Filtration and Summer Allergies: What’s the Story?
As allergy season worsens, it may seem that the best solution is to retreat indoors. Unfortunately, uncontrolled indoor air quality can be twice to five times more polluted than outdoor air quality, according to some studies. To make sure that the air in your living environment is as clean and allergen-free as possible, it’s necessary to pay attention to indoor air filtration. The proper air filtration equipment, coupled with a program of source control, can remove the particulates and substances that aggravate seasonal allergies, asthma and other respiratory conditions.
Allergens and Their Sources
Allergens are very common in almost every home. Even simple activities of daily living, such as cooking, cleaning and bathing, can produce material that can make life worse for an allergy sufferer.
Many allergens are particulates, which are tiny fragments of solid material. Particulate allergens include:
- Metal fragments
- Liquid droplets
Particulate allergens can also include biological material such as viruses, germs, bacteria, mold spores, dust mites, animal dander and insect or vermin body parts and waste.
Gaseous pollutants and allergens include exhaust gases, fumes, smoke, ozone and chemicals such as radon. Common sources of gaseous allergens include paints, solvents, cleaning chemicals, deodorizers and pesticides.
Air Filtration as a Weapon Against Allergens
The first line of defense against allergens is the air filter in your home cooling system. The filters in your heat pump or air conditioner are designed to remove particulates and airborne contaminants from the stream of air flowing through your HVAC system, preventing this material from traveling into your home along with cool air.
Air constantly circulates through your cooling system, with cool air being sent out through the ductwork and into your home’s interior, then brought back to be cooled and distributed again. During this pattern of flow, air is forced through the filter in the air conditioner, where the filter captures and holds solid particles. About every month, the filter should be checked and changed if it’s dirty to maintain proper air filtration.
In addition to particulates, filters can also capture microorganisms and biological contaminants that contribute to or cause disease. Filters with activated charcoal layers can remove odors, fumes and gases.
Air filters are available in a range of efficiency and effectiveness. Filter efficiency is indicated by the filter’s minimum efficiency reporting value, or MERV rating. This number indicates how well the filter traps and holds airborne particulates of 0.3 to 10 microns in size.
The MERV numbers for filters that commonly fit standard HVAC systems range from 1 to 16. Higher MERV numbers indicate better filtration. In general:
- Filters with MERV 1-4 are inexpensive, but are low quality and not very effective.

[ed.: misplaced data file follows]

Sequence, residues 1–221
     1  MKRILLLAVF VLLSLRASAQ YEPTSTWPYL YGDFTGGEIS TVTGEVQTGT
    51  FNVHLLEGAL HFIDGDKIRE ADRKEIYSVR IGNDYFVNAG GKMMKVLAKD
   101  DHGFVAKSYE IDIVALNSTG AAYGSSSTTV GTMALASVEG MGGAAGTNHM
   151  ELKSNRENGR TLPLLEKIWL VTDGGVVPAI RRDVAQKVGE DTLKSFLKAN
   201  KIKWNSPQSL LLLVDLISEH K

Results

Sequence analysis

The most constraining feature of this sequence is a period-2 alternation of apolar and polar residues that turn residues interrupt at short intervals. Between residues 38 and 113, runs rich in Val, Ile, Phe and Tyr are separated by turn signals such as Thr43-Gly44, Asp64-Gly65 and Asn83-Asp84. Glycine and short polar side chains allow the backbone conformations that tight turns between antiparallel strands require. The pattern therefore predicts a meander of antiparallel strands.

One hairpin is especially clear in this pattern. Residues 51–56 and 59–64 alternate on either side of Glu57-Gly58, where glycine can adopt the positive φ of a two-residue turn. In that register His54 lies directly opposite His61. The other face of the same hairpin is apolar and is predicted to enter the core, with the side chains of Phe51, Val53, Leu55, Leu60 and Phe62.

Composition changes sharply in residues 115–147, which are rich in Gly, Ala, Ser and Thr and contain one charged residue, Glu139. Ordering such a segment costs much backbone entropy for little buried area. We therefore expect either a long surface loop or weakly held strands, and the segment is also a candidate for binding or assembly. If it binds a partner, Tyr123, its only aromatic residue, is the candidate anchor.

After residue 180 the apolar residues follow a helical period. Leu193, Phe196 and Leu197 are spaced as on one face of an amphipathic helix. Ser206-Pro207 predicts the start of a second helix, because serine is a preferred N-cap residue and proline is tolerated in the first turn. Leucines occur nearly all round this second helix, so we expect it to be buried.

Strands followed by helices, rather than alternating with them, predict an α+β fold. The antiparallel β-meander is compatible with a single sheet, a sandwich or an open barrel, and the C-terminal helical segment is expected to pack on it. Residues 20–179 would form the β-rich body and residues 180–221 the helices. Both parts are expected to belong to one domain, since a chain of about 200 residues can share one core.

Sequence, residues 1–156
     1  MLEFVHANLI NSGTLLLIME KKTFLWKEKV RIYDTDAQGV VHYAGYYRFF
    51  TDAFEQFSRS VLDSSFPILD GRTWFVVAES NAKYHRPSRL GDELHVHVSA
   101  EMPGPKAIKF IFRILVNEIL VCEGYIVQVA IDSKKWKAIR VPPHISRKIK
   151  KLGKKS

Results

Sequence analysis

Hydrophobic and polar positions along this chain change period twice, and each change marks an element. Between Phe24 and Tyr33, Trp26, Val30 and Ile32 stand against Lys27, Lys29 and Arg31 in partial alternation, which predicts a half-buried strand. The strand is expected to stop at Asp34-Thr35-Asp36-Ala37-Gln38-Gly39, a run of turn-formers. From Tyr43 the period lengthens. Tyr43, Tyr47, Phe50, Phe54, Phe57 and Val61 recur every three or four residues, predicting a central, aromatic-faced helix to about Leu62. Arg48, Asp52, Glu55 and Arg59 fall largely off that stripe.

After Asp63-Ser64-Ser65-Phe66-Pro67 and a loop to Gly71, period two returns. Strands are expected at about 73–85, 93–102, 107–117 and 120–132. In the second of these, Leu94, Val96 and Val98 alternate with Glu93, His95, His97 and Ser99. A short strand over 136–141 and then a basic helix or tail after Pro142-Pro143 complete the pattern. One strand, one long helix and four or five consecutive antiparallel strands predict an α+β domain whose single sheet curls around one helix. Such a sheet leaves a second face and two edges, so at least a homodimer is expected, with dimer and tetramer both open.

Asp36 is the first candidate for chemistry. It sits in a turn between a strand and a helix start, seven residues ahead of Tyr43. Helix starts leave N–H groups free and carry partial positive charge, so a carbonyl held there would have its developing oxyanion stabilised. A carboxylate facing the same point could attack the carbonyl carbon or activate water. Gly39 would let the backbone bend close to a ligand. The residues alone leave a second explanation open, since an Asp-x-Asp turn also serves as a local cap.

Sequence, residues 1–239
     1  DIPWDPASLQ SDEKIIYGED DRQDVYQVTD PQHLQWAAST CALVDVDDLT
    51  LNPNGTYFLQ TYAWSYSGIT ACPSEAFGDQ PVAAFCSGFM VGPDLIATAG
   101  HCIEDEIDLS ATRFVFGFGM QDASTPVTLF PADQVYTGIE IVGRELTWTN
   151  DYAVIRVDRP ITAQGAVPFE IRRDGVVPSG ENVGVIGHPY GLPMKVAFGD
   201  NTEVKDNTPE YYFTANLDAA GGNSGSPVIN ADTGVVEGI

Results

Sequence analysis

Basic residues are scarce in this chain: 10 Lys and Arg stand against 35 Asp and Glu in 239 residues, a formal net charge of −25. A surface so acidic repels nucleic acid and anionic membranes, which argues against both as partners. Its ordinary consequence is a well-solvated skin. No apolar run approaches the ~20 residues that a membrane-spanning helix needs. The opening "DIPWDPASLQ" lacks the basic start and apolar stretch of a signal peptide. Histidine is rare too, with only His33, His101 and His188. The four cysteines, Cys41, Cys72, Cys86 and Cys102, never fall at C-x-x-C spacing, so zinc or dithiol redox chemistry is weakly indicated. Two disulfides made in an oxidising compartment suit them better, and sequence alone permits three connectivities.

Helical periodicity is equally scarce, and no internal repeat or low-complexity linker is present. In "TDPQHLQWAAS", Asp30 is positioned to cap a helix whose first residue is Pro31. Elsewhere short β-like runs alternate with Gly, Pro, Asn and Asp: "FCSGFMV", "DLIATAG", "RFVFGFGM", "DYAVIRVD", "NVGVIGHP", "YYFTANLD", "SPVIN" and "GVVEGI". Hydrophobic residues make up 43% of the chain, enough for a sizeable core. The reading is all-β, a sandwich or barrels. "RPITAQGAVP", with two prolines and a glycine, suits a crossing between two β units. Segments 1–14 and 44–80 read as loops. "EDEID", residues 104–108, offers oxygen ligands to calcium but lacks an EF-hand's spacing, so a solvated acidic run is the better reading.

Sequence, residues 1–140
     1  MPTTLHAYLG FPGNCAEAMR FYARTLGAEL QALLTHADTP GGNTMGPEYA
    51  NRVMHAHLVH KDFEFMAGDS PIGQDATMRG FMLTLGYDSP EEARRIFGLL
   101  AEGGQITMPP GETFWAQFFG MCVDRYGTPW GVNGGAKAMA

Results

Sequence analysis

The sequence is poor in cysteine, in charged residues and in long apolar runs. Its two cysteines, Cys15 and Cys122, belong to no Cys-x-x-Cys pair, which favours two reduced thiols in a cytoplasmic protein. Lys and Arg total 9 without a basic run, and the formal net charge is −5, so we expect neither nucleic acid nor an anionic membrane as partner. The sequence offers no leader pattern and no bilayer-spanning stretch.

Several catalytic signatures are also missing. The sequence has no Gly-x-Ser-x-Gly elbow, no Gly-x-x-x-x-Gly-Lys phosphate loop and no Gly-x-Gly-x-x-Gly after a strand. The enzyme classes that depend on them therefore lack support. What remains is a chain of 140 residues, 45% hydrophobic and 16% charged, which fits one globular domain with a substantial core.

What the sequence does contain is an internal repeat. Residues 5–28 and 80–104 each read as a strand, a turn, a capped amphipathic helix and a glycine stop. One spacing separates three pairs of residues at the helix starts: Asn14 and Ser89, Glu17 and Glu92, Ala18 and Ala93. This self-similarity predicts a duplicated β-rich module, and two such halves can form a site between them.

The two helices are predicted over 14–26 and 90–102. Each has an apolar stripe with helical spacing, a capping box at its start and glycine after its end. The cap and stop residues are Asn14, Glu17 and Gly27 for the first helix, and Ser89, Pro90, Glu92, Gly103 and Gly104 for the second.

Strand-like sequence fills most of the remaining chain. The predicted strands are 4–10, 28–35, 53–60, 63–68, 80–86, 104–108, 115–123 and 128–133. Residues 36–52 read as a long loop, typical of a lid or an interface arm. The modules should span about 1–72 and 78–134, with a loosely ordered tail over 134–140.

- Filters with MERV 5-8 are middle quality filters appropriate for most household uses.
- Filters with MERV 9-12 are high quality filters commonly used in both commercial and residential settings.
- Filters with MERV 13-16 are the best quality filters available that will work in standard HVAC equipment.
For situations that require even higher levels of filtration, there is a category of filters available that clean the air at MERV levels between 17 and 20. These High Efficiency Particulate Air, or HEPA, filters, can remove almost all of the solid particulates in your indoor air, including powders and smoke. HEPA filters are most commonly used in situations where air quality is critical, such as medical settings or areas where sensitive manufacturing is being performed.
A caution to keep in mind: high-MERV and HEPA filters are very thick and dense and may affect the performance of your air conditioning system by restricting airflow. Make sure your HVAC system can function with a high -MERV or HEPA filter. Otherwise, system performance will likely be reduced, and equipment could be damaged by the restricted airflow.
The most effective way to treat allergens is to stop them at their source and prevent particulates and gases from being created. Some techniques of effective source control include:
- Regularly dust and clean your home to prevent particulate buildup.
- Reduce or eliminate the use of strong household chemicals, cleaners, solvents, pesticides and other odor-producing materials.
- Ventilate your indoor spaces with kitchen and bathroom fans.
- Clean heating and cooling vents to remove dirt and particles.
- Take the trash out every day.
- Use unscented household, cleaning and personal hygiene products.
- Avoid creation of fumes and odors from smoking, incense, candles and similar sources.
Founded in 1964, Keith Air Conditioning, Inc. serves Baldwin County and the Mobile area with top-quality air conditioning sales, installation, maintenance and repair. Contact us today for more information on the benefits of air filtration with high MERV or HEPA filters and how you can keep your indoor air cleaner and your allergies at bay this season.